The zero crossing detector circuit 70, which is connected to the A.C. power supply 90, supplies a pulse to the base electrodes of the transistor 64 and 66 each time the power from the power supply crosses the zero voltage point. This pulse from the zero crossing detector circuit 70 causes the transistors to turn on and, in the case of transistor 66, discharge the capacitor 60. The voltage level on the non-inverting input of the Schmitt trigger terminates application of its output signal to the pulse shaper circuit 74. The triac 82, at the next zero crossing, thus becomes nonconductive so that no power is supplied to the lamp 86, at least during the initial portion of the next half cycle. The capacitor 60 again begins to charge and when it is charged to a certain level, the Schmitt trigger 48 again produces an output signal which ultimately activates the triac 82 so that power is supplied to the lamp 86.
It is apparent that the point in time in each half cycle of the A.C. power at which the triac 82 is caused to conduct is determined by the reference voltage level supplied to the inverting input of the Schmitt trigger 48. If this reference voltage level is low, then its value will be exceeded quite early in each half cycle by the charge on the capacitor 60 whereas if the reference voltage level on the inverting input is fairly high, then it will not be exceeded, if at all, until very late in each half cycle. Since the voltage level supplied to the inverting input varies randomly, the phase angle in each half cycle at which the triac 82 is caused to conduct also varies randomly.
The frequency of the oscillatory signal produced by the variable frequency oscillator 22 will normally be selected to be considerably lower than the frequency of the A.C. power supply. Thus, the triac 82 will be activated a number of times between each change of the contents of the random number generator 4 and thus between each change of the magnitude of the analog signal produced on lead 40. The flicker of the lamp 86 occurs because of the variation in intensity of the lamp and the flicker rate is simply the rate at which variations in intensity occur. Thus, the flicker rate of the lamp 86 may be varied simply by varying the frequency of the oscillatory output of the oscillator 22, i.e., setting a potentiometer 23 which controls the frequency oscillation. Varying such frequency varies the rate at which the random number generator 4 changes states to thus cause a change in the magnitude of the voltage supplied to the inverting input of the Schmitt trigger 48.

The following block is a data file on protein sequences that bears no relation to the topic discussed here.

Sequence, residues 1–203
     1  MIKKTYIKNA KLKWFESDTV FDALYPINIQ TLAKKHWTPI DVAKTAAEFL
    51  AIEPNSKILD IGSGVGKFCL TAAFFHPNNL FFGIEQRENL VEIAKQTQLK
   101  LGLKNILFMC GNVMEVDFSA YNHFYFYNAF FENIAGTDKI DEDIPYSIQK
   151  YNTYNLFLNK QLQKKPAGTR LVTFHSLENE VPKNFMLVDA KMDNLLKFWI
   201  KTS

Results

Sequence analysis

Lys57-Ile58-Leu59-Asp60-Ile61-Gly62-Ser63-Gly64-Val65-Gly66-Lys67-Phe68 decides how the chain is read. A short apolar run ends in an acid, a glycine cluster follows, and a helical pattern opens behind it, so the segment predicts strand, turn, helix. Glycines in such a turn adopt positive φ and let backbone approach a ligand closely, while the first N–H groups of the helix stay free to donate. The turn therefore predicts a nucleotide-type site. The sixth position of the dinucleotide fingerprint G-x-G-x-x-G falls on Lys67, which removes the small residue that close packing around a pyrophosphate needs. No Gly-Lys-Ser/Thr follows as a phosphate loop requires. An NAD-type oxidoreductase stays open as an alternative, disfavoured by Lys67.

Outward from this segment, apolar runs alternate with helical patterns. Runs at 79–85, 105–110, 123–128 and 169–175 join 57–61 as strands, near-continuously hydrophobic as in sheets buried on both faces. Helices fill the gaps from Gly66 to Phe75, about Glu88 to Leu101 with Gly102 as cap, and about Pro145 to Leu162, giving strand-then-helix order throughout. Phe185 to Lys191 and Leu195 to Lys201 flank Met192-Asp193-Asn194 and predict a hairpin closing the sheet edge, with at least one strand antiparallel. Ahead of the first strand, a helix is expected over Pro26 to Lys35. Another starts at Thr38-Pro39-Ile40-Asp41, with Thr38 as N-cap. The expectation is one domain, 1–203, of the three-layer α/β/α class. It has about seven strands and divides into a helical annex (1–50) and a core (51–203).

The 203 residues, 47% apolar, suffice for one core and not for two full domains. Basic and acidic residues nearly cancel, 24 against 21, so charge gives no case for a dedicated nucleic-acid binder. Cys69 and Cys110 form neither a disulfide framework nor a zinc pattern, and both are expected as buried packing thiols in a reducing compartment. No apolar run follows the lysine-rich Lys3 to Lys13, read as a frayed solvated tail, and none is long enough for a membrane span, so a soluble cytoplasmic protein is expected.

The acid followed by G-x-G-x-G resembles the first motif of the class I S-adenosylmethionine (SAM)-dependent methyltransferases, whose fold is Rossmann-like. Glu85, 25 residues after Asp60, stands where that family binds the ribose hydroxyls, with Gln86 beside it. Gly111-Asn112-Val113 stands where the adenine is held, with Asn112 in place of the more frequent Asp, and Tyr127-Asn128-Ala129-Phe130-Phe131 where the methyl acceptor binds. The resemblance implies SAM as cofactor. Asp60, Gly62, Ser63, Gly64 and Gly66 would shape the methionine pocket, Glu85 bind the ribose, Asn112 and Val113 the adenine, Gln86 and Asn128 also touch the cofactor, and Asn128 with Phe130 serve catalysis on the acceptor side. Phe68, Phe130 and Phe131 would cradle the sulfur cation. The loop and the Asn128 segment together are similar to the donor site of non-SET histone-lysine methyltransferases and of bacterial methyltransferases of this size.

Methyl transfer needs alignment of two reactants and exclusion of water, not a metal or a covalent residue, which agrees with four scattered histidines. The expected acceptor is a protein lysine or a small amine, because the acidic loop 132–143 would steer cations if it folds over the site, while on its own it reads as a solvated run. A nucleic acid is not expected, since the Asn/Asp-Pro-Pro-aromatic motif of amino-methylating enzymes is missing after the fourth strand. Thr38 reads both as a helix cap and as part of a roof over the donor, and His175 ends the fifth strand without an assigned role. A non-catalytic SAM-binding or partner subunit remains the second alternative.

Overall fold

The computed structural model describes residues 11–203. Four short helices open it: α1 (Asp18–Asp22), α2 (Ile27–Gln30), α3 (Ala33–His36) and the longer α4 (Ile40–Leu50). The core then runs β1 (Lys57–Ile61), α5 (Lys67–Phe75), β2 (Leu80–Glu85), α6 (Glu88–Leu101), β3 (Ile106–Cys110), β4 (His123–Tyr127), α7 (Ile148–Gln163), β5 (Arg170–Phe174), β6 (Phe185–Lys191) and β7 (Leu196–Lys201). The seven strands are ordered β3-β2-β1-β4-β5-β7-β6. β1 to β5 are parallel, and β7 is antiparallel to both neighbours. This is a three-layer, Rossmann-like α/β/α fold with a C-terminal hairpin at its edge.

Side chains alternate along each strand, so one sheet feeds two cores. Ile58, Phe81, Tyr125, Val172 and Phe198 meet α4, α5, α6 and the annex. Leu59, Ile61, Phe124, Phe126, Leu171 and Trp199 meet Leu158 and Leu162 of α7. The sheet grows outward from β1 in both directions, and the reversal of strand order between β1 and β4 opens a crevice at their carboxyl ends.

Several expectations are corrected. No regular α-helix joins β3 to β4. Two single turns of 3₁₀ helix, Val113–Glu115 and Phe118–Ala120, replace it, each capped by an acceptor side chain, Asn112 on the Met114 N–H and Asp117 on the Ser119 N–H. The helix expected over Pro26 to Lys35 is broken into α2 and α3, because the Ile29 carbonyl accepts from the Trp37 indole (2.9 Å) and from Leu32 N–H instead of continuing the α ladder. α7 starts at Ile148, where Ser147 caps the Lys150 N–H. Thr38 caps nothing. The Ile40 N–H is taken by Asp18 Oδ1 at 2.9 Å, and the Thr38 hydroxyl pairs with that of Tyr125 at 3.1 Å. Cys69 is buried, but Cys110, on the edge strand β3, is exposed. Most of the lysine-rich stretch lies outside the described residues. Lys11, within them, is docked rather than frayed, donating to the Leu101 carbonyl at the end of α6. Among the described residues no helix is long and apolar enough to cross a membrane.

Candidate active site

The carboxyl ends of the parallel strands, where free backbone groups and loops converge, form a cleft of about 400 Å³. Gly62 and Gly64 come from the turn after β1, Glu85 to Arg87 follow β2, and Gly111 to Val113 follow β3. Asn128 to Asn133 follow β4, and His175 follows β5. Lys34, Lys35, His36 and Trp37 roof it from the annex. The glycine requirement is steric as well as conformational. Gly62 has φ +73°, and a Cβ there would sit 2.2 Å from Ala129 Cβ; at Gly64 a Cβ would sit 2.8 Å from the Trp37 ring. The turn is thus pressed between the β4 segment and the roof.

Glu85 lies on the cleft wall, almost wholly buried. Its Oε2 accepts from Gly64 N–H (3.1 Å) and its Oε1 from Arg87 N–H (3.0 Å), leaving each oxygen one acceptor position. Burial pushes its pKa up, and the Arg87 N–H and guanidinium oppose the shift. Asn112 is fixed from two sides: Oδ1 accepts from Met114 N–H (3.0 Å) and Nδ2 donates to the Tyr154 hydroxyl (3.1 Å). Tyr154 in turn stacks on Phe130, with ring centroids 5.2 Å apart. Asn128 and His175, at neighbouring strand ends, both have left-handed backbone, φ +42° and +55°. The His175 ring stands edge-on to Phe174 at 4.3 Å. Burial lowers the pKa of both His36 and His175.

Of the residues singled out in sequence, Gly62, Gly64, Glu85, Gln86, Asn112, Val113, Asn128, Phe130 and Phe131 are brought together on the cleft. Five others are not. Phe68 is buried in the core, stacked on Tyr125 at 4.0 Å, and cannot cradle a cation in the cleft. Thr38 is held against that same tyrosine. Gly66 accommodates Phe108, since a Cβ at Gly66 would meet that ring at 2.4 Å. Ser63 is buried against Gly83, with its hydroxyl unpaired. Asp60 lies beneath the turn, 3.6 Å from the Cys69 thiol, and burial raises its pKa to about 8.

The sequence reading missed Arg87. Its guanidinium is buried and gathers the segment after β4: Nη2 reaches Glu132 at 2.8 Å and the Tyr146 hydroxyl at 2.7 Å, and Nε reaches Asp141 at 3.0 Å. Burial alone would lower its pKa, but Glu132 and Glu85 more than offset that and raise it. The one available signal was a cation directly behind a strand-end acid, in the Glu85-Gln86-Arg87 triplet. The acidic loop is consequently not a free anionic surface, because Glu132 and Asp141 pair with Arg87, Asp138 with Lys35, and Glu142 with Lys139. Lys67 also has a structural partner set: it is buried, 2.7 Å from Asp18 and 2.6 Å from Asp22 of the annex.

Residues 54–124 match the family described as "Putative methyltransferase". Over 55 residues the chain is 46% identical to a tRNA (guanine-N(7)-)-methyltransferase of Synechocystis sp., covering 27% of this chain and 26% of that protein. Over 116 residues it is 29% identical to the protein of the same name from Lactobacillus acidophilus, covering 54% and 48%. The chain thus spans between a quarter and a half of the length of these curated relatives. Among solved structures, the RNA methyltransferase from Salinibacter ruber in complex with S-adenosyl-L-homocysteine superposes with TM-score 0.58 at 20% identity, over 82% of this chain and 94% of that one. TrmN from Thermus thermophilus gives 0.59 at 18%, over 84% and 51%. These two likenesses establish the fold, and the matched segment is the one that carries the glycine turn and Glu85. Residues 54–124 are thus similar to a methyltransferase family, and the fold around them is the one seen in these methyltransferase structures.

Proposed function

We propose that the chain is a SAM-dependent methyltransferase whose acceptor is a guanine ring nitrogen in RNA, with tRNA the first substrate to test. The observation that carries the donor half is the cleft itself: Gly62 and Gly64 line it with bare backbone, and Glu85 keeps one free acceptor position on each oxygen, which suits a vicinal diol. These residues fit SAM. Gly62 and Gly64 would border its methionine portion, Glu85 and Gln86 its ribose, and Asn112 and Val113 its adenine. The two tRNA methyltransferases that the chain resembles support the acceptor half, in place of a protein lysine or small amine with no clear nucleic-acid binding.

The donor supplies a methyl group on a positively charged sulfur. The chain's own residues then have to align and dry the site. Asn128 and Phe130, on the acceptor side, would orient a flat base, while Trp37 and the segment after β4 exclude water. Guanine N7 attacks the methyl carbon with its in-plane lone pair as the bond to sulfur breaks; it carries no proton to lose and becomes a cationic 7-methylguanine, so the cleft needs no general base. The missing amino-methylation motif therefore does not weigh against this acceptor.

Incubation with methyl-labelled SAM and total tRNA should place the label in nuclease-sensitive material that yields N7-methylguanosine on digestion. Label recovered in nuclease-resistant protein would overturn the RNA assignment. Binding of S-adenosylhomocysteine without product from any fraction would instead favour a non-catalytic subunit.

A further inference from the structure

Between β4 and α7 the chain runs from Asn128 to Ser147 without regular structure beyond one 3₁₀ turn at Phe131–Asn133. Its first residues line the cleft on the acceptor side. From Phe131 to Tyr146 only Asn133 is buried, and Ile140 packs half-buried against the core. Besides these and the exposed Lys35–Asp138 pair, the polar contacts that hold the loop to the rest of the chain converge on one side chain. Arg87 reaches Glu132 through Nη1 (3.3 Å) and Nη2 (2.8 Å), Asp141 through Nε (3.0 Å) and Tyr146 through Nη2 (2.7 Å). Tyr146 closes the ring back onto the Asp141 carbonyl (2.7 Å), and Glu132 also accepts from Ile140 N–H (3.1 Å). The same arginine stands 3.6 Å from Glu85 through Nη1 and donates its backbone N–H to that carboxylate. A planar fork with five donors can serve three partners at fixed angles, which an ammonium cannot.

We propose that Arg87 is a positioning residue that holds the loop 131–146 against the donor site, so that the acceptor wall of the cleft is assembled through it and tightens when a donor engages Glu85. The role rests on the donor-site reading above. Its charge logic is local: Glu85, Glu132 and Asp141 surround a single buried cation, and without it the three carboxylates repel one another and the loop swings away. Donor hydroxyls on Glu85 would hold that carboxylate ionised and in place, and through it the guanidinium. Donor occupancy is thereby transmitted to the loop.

The intensity of the lamp 86 is determined by the amount of time during each half cycle that power is being supplied to the lamp 86. If the time is increased, then the lamp 86 has a greater intensity and vice versa. Thus, in order to increase the intensity of the lamp 86 (i.e., the average or range of intensity, since the intensity will still vary with variation in the voltage or lead 40), potentiometers 52 and 54 may be adjusted to generally decrease the voltage level on the inverting input 44 so that this value is generally exceeded sooner in each half cycle to cause the triac 82 to conduct. Of course, the voltage level on the inverting input will still vary but the range of variation will be shifted downwardly and so the range of intensity of the lamp 86 will be higher. Potentiometer 52 allows control of the upper limit of the voltage level on lead 40, while potentiometer 54 allows control of the lower limit of the voltage level. These controls, as well as the control of the flicker rate previously discussed, give considerable flexibility in selecting the type of fire simulation desired.